SHARE: Bird friends from Brydon

Send us your photo showing how you view Langley, and it could be featured in a future edition

Mark Chandler, outside of his extradition hearing at the Vancouver Supreme Court. (Langley Advance Times files)
Langley condo builder’s fraud sentencing in U.S. delayed due to COVID-19

Mark Chandler’s own lawyer contracted COVID-19 in December

People have noticed pine siskins dying in the area, part of a trend of larger numbers of the finch flocking to the area about every five years. The larger numbers result in crowding and increased spread of salmonella. (Wikipedia photo)
Langley birdwatchers seeing dead finch species in higher numbers

Pine siskins are in the area in larger numbers. They are prone to salmonella which is fatal for them

Keith the curious kitten is seen on Nov. 4, 2020 at the Chilliwack SPCA. Friday, Jan. 22, 2021 is Answer Your Cat’s Questions Day. (Jenna Hauck/ Chilliwack Progress file)
Unofficial holidays: Here’s what people are celebrating for the week of Jan. 17 to 23

Answer Your Cat’s Questions Day, Pie Day and International Sweatpants Day are all coming up this week

(Photo by Kevin Hill)
40 cases linked to Surrey Memorial Hospital COVID-19 outbreak

Fraser Health says two death are associated with the outbreak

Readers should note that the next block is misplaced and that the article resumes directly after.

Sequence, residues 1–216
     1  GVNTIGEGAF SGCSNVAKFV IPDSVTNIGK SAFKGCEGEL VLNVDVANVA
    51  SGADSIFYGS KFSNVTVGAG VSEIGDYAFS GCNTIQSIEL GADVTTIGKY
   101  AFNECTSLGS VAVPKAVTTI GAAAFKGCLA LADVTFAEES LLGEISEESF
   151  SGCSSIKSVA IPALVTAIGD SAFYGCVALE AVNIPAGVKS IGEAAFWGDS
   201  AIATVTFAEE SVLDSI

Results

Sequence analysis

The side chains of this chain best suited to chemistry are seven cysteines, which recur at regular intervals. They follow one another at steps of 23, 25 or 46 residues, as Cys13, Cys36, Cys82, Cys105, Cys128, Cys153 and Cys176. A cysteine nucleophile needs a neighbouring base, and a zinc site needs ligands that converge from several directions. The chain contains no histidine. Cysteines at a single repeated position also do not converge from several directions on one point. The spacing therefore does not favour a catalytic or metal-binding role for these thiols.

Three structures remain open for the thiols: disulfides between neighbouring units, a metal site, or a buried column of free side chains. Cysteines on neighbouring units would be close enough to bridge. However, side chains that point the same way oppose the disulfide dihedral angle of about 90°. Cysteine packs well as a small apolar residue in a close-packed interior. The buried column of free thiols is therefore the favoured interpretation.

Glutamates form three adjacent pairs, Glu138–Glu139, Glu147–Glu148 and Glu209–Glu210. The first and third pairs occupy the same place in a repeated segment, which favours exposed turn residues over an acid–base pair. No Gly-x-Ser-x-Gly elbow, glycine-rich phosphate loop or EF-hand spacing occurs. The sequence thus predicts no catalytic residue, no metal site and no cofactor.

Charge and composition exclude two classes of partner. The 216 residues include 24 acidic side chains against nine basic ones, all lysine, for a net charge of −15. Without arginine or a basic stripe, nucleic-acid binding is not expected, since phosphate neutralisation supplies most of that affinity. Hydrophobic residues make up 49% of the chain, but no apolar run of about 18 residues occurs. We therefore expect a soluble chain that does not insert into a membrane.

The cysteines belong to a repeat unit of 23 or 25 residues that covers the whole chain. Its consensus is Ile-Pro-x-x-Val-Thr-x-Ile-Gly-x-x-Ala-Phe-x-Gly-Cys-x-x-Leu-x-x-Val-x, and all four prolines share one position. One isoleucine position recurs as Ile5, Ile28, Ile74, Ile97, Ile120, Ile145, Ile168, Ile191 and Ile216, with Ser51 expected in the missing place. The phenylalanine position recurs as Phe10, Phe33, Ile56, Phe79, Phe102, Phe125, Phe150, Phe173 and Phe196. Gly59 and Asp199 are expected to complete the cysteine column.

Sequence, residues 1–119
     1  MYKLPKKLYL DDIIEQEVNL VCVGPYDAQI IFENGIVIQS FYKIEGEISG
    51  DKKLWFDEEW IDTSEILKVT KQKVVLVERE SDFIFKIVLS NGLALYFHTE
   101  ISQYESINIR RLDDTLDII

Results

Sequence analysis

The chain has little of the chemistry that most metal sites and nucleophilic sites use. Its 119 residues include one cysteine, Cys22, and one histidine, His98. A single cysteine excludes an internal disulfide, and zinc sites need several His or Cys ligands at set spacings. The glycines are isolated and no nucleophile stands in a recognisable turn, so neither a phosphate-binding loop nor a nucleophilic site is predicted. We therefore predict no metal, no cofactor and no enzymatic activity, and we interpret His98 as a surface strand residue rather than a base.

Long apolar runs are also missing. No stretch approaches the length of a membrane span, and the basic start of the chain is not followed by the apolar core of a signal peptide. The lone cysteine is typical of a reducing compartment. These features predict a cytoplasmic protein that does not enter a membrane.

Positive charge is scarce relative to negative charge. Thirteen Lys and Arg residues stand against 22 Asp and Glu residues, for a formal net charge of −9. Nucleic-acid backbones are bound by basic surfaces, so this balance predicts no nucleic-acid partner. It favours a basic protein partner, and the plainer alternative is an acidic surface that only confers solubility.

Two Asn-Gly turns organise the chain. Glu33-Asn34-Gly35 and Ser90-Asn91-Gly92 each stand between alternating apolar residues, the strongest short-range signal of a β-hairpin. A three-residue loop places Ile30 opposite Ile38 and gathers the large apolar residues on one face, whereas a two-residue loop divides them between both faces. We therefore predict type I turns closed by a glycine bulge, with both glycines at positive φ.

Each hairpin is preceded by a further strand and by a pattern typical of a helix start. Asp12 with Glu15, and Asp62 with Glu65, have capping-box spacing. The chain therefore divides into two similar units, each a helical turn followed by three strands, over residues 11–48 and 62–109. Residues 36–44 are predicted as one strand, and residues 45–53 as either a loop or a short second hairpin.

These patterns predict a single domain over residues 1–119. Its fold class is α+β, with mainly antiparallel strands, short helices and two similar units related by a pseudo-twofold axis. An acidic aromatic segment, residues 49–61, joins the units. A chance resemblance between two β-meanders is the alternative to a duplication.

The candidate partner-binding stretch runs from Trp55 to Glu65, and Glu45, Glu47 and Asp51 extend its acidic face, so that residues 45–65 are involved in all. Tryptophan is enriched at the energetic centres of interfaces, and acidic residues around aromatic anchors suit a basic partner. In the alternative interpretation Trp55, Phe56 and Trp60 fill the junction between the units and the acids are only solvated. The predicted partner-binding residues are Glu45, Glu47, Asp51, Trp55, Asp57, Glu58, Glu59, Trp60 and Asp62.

JaHyung Lee, “Canada’s oldest senior” at 110 years old, received his first dose of the COVID-19 vaccine on Thursday, Jan. 14, 2021. He lives at Amenida Seniors Community in Newton. (Submitted photo: Amenida Seniors Community)
Cannabis bought in British Columbia (Ashley Wadhwani/Black Press Media)
Is it time to start thinking about greener ways to package cannabis?

Packaging suppliers are still figuring eco-friendly and affordable packaging options that fit the mandates of Cannabis Regulations

Sooke’s Jim Bottomley is among a handful of futurists based in Canada. “I want to help people understand the future of humanity.” (Aaron Guillen - Sooke News Mirror)
No crystal ball: B.C. man reveals how he makes his living predicting the future

63-year-old has worked analytical magic for politicians, car brands, and cosmetic companies

A unique-looking deer has been visiting a Nanoose Bay property with its mother. (Frieda Van der Ree photo)
A deer with 3 ears? Unique animal routinely visits B.C. property

Experts say interesting look may be result of an injury rather than an odd birth defect

Terry David Mulligan. (Submitted photo)
Podcast: Interview with longtime actor/broadcaster and B.C. resident Terry David Mulligan

Podcast: Talk includes TDM’s RCMP career, radio, TV, wine, Janis Joplin and much more

Seasonal influenza vaccine is administered starting each fall in B.C. and around the world. (Langley Advance Times)
After 30,000 tests, influenza virually nowhere to be found in B.C.

COVID-19 precautions have eliminated seasonal infection

Prime Minister Justin Trudeau listens to a question during a news conference outside Rideau cottage in Ottawa, Friday, January 8, 2021. THE CANADIAN PRESS/Adrian Wyld
Trudeau says Canada’s COVID vaccine plan on track despite Pfizer cutting back deliveries

Canadian officials say country will still likely receive four million doses by the end of March

Most Read